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Re: 10/22/2011 George Thomas Wainwright (Australia)*** Fatal

Posted: Tue Oct 25, 2011 7:26 pm
by alb
Stuck anchor led to shark death
wainwright1.jpg (84.84 KiB) Viewed 28707 times

The man who was diving with shark attack victim George Thomas Wainwright when he was killed said he saw his best friend's body float to the surface moments after seeing him alive.

Justin Branner was on a boat with his wife Allison off Rottnest Island on Saturday when the shark attacked the 32-year-old Texan.

Mr Branner said Mr Wainwright was his university buddy and had been a close friend for nine years.

He told Seven News last night that just before the attack their anchor became stuck on a rock and Mr Wainwright suited up to dive down to free it.

Although he did not see the attack, Mr Branner saw bubbles and then his mate's body float up. "It's something you don't want anyone to ever see," he said.

Mr Branner said being in the water was a mutual passion for the friends and they were inspired to scuba dive off Rottnest after seeing a YouTube video.

"Every chance we could get we did something on the water, that's where we spent our time," he said.

He was now concentrating on making sure his best friend's body was returned safely to the US.

"We don't want him to travel alone, so we will make sure he gets back to his family," he said.

Colin Barnett said yesterday there would be aerial shark patrols over Perth's coast daily until April 30 with patrols of South West beaches to begin in about a month.

The Premier said Surf Life Saving WA would use a helicopter to cover Mandurah to Yanchep for about four hours a day from 6.30am.

Rottnest would be included at weekends and public holidays after the attack on Saturday - WA's third shark death in seven weeks.

A second helicopter would be used by the end of next month from Bunbury to Margaret River.

Mr Barnett said there would be more frequent water patrols by lifesavers using dinghies and surf skis between 6am and 7.30am in Perth.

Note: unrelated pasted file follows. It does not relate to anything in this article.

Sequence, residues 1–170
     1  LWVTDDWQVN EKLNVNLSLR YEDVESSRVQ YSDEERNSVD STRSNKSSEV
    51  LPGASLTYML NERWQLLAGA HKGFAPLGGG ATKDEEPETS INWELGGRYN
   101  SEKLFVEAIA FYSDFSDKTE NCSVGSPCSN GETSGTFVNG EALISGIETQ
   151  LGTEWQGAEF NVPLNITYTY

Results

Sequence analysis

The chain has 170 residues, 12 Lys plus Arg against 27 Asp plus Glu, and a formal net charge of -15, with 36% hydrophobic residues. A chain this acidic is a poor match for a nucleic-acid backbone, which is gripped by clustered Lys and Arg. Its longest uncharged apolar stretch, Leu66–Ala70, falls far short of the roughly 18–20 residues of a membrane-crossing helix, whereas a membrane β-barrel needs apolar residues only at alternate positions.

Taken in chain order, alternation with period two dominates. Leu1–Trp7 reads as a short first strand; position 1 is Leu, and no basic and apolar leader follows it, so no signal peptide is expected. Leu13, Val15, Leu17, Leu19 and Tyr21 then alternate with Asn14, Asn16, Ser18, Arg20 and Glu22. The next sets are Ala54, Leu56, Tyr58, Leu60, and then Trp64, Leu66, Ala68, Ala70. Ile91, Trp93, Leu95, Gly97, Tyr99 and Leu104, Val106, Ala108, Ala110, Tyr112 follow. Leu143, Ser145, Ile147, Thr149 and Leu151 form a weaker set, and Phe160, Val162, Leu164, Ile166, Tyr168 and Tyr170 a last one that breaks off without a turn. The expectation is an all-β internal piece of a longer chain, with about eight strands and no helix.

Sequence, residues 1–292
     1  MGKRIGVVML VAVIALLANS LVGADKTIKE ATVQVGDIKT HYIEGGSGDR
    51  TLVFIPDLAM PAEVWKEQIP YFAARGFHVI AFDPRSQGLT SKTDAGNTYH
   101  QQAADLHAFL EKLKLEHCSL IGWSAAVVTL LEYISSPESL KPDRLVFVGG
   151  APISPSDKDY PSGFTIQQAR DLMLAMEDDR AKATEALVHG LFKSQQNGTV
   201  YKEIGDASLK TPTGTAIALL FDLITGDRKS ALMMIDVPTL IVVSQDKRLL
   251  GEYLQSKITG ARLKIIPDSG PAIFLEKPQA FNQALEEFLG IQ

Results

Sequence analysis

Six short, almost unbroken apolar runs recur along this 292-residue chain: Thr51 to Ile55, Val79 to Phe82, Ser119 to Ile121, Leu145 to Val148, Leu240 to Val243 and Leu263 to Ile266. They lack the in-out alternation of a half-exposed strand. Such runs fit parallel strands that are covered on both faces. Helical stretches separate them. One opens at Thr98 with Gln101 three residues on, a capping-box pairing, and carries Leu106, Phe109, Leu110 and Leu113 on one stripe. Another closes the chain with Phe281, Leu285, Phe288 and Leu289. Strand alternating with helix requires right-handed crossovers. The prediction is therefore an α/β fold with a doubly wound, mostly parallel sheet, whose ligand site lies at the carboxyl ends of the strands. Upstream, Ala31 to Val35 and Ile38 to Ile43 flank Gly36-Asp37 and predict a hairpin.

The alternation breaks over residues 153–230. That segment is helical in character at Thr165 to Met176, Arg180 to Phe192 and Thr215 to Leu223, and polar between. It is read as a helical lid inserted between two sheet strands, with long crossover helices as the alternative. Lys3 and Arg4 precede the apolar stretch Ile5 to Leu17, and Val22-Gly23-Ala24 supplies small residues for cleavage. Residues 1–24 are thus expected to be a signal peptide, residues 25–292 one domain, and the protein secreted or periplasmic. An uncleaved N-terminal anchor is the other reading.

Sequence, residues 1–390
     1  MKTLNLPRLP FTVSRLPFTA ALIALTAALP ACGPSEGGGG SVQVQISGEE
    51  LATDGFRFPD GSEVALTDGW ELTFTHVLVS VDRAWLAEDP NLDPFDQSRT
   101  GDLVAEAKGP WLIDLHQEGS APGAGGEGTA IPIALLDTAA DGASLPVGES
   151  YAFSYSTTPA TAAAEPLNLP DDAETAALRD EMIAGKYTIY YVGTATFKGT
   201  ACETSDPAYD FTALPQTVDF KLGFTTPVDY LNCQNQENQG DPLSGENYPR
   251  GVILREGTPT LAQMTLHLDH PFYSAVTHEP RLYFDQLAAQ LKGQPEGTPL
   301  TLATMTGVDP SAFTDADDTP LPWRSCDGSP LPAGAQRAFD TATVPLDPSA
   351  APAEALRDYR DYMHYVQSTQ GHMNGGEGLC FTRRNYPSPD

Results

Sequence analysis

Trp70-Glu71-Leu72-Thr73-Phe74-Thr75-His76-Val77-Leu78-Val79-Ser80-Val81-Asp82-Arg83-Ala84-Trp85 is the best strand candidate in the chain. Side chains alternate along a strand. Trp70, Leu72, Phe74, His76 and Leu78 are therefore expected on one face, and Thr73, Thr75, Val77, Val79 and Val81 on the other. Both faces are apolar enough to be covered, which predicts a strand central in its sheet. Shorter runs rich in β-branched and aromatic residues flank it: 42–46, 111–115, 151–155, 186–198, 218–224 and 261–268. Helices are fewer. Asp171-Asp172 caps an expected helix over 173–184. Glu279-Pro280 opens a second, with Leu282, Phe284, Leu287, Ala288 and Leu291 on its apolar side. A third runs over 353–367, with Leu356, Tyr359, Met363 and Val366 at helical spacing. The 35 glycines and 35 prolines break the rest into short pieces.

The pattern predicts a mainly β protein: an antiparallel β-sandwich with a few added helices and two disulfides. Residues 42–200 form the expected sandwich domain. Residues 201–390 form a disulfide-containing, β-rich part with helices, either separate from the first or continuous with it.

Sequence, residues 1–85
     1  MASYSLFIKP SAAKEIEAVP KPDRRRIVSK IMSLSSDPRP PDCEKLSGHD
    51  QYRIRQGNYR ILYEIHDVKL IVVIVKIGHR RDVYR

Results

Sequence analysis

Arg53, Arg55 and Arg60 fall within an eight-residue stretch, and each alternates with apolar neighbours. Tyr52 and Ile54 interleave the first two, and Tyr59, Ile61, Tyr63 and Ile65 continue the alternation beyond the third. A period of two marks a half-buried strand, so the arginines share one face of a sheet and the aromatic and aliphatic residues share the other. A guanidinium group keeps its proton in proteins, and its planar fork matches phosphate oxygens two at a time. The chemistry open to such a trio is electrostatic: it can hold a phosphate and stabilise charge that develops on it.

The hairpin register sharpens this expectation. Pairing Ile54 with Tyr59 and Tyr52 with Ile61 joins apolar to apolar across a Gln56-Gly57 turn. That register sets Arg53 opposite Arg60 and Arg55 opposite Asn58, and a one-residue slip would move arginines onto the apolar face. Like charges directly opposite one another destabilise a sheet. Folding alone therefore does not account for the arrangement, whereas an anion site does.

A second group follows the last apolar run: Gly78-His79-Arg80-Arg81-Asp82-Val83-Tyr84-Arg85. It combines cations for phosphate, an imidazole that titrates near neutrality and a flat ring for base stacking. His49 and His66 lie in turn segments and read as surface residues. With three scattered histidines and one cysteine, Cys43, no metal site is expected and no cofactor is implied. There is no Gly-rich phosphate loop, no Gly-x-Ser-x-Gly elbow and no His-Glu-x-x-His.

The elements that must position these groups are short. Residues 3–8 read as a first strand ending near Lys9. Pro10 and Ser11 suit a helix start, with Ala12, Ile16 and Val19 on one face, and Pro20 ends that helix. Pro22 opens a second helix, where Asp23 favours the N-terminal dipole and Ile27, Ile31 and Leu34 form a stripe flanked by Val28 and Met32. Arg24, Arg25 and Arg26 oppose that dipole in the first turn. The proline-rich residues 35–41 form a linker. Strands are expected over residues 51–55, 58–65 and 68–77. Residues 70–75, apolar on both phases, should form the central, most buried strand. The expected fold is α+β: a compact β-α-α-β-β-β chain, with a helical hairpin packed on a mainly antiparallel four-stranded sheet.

The increased air and sea patrols were the result of an extra $1 million from the Government.

"To have three fatal shark attacks in just the last few weeks is an unprecedented situation and it does call for urgent action," Mr Barnett said. It was important the public felt safe at WA beaches.

In Opposition in 2003, Mr Barnett called for shark patrols to begin earlier, at the start of September.

He said the patrols and their timing would be reviewed for next year.
Shadow fisheries minister Jon Ford said Labor would be flexible with the start times based on the season and demand. On a hot day before the official season, it was common sense to have patrols.

Re: 10/22/2011 George Thomas Wainwright (Australia)*** Fatal

Posted: Tue Oct 25, 2011 12:44 am
by alb
George ''Thomas'' Wainwright, 32, of Houston, is the third person killed by a great white in Western Australia in two months
George ''Thomas'' Wainwright, 32, of Houston, is the third person killed by a great white in Western Australia in two months
wainwright.jpg (36.26 KiB) Viewed 29008 times

Re: 10/22/2011 George Thomas Wainwright (Australia)*** Fatal

Posted: Sun Oct 23, 2011 1:27 am
by alb
WA police name shark attack victim

Department of Fisheries have placed a number of baited hooks in the area but as yet there are no sign of the shark.

Police in Western Australia have released the name of a 32-year-old man who was killed by a shark while diving off Rottnest Island yesterday.

George Thomas Wainwright was attacked by the three metre shark while diving about 500 metres off shore at Little Armstrong Bay.

Friends of Mr Wainwright said the shark had nudged their vessel shortly after he was killed.